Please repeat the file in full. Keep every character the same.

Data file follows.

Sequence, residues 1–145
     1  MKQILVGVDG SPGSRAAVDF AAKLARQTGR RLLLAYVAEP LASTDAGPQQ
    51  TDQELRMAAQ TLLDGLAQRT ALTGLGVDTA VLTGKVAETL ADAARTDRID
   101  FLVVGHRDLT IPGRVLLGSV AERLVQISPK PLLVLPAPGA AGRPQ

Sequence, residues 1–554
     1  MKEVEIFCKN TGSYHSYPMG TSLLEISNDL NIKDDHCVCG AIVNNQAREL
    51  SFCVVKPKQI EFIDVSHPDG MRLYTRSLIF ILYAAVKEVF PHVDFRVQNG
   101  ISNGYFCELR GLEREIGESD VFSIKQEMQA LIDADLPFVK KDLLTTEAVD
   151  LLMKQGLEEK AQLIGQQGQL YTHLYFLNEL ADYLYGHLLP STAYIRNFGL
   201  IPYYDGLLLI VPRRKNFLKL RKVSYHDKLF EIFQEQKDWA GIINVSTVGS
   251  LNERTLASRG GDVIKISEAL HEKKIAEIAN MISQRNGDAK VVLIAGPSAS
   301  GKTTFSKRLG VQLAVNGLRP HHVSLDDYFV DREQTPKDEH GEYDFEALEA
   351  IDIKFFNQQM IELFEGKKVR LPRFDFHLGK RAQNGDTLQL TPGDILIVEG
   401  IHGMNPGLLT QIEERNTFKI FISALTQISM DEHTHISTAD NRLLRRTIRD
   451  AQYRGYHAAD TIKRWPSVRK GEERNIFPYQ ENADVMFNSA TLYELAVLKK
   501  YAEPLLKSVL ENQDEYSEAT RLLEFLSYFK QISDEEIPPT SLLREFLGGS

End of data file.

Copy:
Sequence, residues 1–145
     1  MKQILVGVDG SPGSRAAVDF AAKLARQTGR RLLLAYVAEP LASTDAGPQQ
    51  TDQELRMAAQ TLLDGLAQRT ALTGLGVDTA VLTGKVAETL ADAARTDRID
   101  FLVVGHRDLT IPGRVLLGSV AERLVQISPK PLLVLPAPGA AGRPQ

Sequence, residues 1–554
     1  MKEVEIFCKN TGSYHSYPMG TSLLEISNDL NIKDDHCVCG AIVNNQAREL
    51  SFCVVKPKQI EFIDVSHPDG MRLYTRSLIF ILYAAVKEVF PHVDFRVQNG
   101  ISNGYFCELR GLEREIGESD VFSIKQEMQA LIDADLPFVK KDLLTTEAVD
   151  LLMKQGLEEK AQLIGQQGQL YTHLYFLNEL ADYLYGHLLP STAYIRNFGL
   201  IPYYDGLLLI VPRRKNFLKL RKVSYHDKLF EIFQEQKDWA GIINVSTVGS
   251  LNERTLASRG GDVIKISEAL HEKKIAEIAN MISQRNGDAK VVLIAGPSAS
   301  GKTTFSKRLG VQLAVNGLRP HHVSLDDYFV DREQTPKDEH GEYDFEALEA
   351  IDIKFFNQQM IELFEGKKVR LPRFDFHLGK RAQNGDTLQL TPGDILIVEG
   401  IHGMNPGLLT QIEERNTFKI FISALTQISM DEHTHISTAD NRLLRRTIRD
   451  AQYRGYHAAD TIKRWPSVRK GEERNIFPYQ ENADVMFNSA TLYELAVLKK
   501  YAEPLLKSVL ENQDEYSEAT RLLEFLSYFK QISDEEIPPT SLLREFLGGS